Common Impulse Control Dog Training Methods
- Manage the environment! If your dog loves to steal food, keep it under lock & key, out of their reach. If your dog pulls towards distractions, you can use a harness with front & back clips and a dual clip leash to prevent sudden jerks that may injure you. No matter there struggle, there are some steps you can take to manage the environment to reduce the dog's ability to repeat those behaviors you don't like.
- Training for calmness! Again, you may have to be creative to come up with a way to train calmness around whatever is causing your dog to be excited, whether that's food, animals, people, cars, etc. Not that long ago I was hosting a puppy for a service dog foundations board & train term. This puppy loves FOOD so much that at just 5 months old she had already be brave enough to jump on owners lap and steal food right of their plate, basically right out of their hands. One of the first things I implemented was a calmness routine based around mat training during my meal time. And after just 3 days, puppy was already relaxing at my side while I ate dinner without even attempting to steal my food.
- Empower your dog with the wisdom to make good choices. This may be easier said then done, but my method is to make sure I present my dog with choices every day. Parents will commonly give toddlers simple choices in their day-to-day, such as setting out 2 outfits so the child can choose what to wear, instead of that child picking out clothes from a full closet with clothes that may not be appropriate for the day ahead. The importance here is giving your dog choices that you as their owner can live with, no matter what choice they make. One of the first choices I give my dogs, as a puppy or new rescue, is the choice to eat their food from a bowl or from an interactive toy such as a snuffle box. You can put breakfast down in both the bowl and the toy and wait to see what they choose, then pick the other one up and save it for later. Now some dogs might instantly want the food you just took away, so in this case you can offer different options that are easier for them to decide. I take my dogs outside for a relaxed sniff-a-bout nearly every day. During this time, the dogs choose where in the yard we go, the tree line, the barn, the hillside, etc. Azul is always on a longline so he can't travel out of our yard for safety which also means he can't choose to go too far away from me on these walks.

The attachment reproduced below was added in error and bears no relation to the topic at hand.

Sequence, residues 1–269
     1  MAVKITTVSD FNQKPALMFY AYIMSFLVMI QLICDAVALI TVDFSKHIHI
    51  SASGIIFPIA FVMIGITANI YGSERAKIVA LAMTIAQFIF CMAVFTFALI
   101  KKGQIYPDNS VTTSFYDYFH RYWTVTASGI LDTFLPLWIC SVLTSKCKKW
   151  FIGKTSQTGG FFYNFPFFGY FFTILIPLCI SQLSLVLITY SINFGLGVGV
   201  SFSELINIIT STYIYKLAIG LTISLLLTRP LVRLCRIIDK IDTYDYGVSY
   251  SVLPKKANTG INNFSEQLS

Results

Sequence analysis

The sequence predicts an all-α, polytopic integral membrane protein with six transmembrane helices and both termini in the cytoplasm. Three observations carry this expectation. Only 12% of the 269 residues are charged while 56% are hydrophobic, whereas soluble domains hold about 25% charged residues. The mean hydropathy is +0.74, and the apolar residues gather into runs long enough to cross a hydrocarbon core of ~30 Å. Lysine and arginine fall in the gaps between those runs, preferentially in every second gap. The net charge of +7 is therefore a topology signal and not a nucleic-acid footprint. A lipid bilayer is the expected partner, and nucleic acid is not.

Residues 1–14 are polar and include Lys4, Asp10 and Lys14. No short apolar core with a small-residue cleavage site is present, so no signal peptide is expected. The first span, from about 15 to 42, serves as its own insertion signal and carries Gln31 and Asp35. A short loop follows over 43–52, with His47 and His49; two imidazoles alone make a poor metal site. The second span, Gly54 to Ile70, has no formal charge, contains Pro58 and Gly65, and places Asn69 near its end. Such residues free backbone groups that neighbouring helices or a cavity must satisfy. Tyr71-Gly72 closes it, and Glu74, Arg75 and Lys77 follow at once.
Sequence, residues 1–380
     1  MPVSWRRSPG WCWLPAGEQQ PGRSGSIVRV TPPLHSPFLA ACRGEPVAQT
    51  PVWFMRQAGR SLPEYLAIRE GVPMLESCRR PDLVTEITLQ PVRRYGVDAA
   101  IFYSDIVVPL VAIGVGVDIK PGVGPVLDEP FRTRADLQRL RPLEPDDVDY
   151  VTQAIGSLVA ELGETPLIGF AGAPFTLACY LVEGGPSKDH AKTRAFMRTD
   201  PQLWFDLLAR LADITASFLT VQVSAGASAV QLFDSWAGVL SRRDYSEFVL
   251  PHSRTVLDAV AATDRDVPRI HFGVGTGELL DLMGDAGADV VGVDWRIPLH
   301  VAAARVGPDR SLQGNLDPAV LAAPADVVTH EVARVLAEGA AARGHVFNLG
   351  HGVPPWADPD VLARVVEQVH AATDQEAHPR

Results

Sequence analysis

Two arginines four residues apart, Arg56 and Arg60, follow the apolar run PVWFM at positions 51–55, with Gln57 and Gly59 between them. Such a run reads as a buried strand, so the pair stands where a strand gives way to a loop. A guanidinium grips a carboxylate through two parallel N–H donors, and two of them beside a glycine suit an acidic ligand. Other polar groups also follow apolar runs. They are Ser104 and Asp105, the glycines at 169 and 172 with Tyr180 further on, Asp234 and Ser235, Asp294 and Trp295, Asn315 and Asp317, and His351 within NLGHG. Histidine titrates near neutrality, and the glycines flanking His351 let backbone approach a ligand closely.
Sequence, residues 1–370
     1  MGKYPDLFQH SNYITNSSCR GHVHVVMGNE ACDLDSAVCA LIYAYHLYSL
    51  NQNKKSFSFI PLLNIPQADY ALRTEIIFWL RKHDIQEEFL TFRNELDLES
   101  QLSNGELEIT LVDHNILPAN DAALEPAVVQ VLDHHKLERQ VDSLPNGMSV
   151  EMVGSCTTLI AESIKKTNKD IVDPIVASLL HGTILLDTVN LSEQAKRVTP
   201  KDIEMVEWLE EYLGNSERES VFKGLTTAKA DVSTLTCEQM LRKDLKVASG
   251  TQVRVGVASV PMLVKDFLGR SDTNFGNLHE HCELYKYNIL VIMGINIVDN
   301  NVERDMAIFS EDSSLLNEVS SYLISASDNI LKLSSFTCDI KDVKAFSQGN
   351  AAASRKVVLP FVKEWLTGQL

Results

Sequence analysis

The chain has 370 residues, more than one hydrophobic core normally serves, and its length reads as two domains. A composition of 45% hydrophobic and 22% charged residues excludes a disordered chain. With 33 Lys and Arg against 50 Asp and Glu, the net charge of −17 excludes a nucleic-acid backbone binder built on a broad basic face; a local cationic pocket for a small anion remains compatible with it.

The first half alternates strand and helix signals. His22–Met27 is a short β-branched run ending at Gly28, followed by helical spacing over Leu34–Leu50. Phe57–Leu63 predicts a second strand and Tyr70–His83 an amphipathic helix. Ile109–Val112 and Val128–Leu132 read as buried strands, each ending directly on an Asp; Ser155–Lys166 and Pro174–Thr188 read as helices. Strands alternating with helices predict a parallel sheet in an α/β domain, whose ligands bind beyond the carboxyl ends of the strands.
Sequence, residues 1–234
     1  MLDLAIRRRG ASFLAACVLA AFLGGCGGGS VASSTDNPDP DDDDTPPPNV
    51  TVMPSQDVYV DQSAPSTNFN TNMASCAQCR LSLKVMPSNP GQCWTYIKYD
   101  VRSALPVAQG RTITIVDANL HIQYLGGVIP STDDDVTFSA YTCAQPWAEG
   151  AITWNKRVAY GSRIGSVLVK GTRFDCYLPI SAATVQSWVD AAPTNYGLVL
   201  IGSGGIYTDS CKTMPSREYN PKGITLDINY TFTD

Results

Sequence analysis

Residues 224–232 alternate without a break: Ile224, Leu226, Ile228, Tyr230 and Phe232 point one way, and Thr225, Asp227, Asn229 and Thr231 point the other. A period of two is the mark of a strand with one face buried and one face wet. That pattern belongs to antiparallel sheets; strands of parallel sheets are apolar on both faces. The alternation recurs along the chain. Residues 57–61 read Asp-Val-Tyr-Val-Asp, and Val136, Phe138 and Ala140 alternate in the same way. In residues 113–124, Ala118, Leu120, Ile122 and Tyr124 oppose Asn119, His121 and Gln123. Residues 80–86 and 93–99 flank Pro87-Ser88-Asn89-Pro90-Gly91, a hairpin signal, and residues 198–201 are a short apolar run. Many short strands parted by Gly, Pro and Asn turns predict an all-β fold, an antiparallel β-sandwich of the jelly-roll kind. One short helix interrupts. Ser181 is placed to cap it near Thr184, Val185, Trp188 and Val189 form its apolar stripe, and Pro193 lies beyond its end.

- Build skills up over time without asking your dog to do things that are above their current skill set. I can set my dinner down in my seat and leave the room with 2 dogs in the room and neither will go near my food. But I didn't start there! It took time to develop their leave it skills around people food, first with training sessions to develop skills, then short duration leave it's with another family member supervising while I left the room. If you push your dog too far, too fast they are likely to make mistakes and practicing the behavior of making those mistakes will make it harder for them to learn what the choice is the good choice.